Then he pulled a trick that is typical in sales. He told us that they had just gotten a Mazda MPV that we might be interested in. Of course, they hadn’t even had time to clean it up yet, but we could be the first to look at it. We had a look, and the van was a mess. Crackers on the floor, upholstery stains…it was filthy. This technique is used to make you overvalue the clean car you’ve already seen. We weren’t biting though.
We went back into the dealership and reiterated our final offer. By this point, the kids were getting restless. They had been playing in the play area, but they were ready to go by now. The salesman talked to his manager and said they couldn’t make the deal. I turned to my husband and said, “Let’s go.” The salesman got kind of panicky, and went back to talk to his manager again.
They came back with an option for us. We could either up our price by $500, or we could drop the Certified Used Warranty. We opted to drop the warranty and signed the deal.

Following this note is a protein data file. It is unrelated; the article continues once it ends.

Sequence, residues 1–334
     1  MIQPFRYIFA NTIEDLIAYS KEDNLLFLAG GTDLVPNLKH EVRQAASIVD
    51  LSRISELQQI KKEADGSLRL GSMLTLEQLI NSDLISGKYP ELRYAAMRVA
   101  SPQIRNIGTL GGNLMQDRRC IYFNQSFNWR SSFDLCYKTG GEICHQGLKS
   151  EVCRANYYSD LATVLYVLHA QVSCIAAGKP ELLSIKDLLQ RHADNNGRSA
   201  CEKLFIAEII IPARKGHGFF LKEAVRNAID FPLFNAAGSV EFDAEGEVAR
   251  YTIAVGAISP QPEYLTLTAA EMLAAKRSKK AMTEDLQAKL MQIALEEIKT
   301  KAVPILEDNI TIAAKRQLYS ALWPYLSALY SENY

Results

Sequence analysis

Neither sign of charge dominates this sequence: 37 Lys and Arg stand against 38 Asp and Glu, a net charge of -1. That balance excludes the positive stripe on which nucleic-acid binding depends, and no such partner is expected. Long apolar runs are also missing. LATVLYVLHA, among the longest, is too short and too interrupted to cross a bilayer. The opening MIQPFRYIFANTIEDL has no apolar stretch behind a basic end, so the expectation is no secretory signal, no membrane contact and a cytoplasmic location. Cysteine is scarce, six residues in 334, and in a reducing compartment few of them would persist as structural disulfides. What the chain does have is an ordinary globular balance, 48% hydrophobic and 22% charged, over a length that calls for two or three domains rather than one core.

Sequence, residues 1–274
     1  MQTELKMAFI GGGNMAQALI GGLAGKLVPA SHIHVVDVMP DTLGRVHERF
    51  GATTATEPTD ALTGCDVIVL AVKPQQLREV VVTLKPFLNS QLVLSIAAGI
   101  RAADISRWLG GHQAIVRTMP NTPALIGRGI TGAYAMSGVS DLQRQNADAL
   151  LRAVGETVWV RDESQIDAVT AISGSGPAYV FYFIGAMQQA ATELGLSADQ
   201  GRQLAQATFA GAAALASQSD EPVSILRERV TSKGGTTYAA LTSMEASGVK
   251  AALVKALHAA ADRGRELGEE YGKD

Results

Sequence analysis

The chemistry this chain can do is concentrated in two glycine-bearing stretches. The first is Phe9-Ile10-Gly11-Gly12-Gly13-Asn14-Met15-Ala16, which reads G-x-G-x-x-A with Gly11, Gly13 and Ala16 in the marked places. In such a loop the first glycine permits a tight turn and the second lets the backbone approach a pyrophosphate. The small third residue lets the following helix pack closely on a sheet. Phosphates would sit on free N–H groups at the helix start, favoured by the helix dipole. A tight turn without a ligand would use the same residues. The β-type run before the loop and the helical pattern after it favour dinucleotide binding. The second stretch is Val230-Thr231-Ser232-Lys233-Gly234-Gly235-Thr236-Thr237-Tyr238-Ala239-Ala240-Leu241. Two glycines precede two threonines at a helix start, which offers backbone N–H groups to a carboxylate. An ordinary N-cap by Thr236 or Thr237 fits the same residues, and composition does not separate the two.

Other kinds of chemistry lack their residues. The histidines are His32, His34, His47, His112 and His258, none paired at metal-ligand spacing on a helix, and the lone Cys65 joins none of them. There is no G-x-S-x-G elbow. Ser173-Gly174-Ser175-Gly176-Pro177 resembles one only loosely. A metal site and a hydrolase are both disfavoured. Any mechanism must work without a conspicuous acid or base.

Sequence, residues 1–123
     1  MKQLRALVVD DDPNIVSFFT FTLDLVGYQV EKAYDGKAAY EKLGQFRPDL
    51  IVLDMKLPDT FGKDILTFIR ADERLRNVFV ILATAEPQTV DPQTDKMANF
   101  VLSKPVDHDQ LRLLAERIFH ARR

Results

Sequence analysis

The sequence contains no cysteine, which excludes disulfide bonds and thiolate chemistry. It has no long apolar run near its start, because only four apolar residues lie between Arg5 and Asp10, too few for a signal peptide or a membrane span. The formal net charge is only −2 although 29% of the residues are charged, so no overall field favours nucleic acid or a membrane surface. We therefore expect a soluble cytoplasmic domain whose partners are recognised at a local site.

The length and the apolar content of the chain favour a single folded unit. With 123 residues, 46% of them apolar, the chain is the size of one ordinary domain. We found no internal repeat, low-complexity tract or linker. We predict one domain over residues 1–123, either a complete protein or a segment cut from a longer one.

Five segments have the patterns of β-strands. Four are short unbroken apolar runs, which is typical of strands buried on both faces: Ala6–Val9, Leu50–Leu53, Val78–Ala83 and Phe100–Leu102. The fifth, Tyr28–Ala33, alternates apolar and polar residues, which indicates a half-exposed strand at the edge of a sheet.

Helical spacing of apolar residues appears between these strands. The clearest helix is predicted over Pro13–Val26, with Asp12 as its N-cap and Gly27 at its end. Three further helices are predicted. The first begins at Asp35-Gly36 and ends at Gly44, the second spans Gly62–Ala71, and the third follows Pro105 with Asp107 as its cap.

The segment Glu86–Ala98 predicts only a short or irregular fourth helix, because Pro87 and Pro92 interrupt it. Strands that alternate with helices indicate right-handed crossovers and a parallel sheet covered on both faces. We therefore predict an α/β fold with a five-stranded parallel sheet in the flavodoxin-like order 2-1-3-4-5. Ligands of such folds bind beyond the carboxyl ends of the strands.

Why did we drop the warranty? The certified used warranty was for three months, but the dealership had a two month warranty. $500 was not worth an additional 30 days of warranty coverage for us. The big advantage of the Certified Used Program is the inspection the car must go through before it can be sold as Certified Used, and the van had already passed that inspection. So we were already getting the biggest advantage of the program, even though we weren’t paying for it.
You do have to watch it with these programs, however. My brother bought a certified used vehicle and later found out there was rust damage on the bottom of the car. In retrospect, our one big mistake was not having our minivan looked at by an independent mechanic before we signed the deal. It worked out for us though, as we have had no problems so far. But I would highly advise anyone who is buying a car to get it checked out by your own mechanic before signing the deal.
In the end we walked away with the car we wanted for the price we wanted. We did several things right.
And we did one thing wrong.
We’re happy with our purchase, and our Toyota Sienna has served us well for the past 10 months. The best thing about it? No car payments!
Do you buy new or used cars? Don’t have a car? What’s your experience with buying cars? This project is going on all week, so feel free to write a post, and I will add your link!
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I'm just an average mom, trying to live a frugal life and get out of debt. I write about things that have (and haven't) worked to improve my family's financial situation. What works for me may or may not work for you, and you should always consult a financial advisor before making important financial decisions.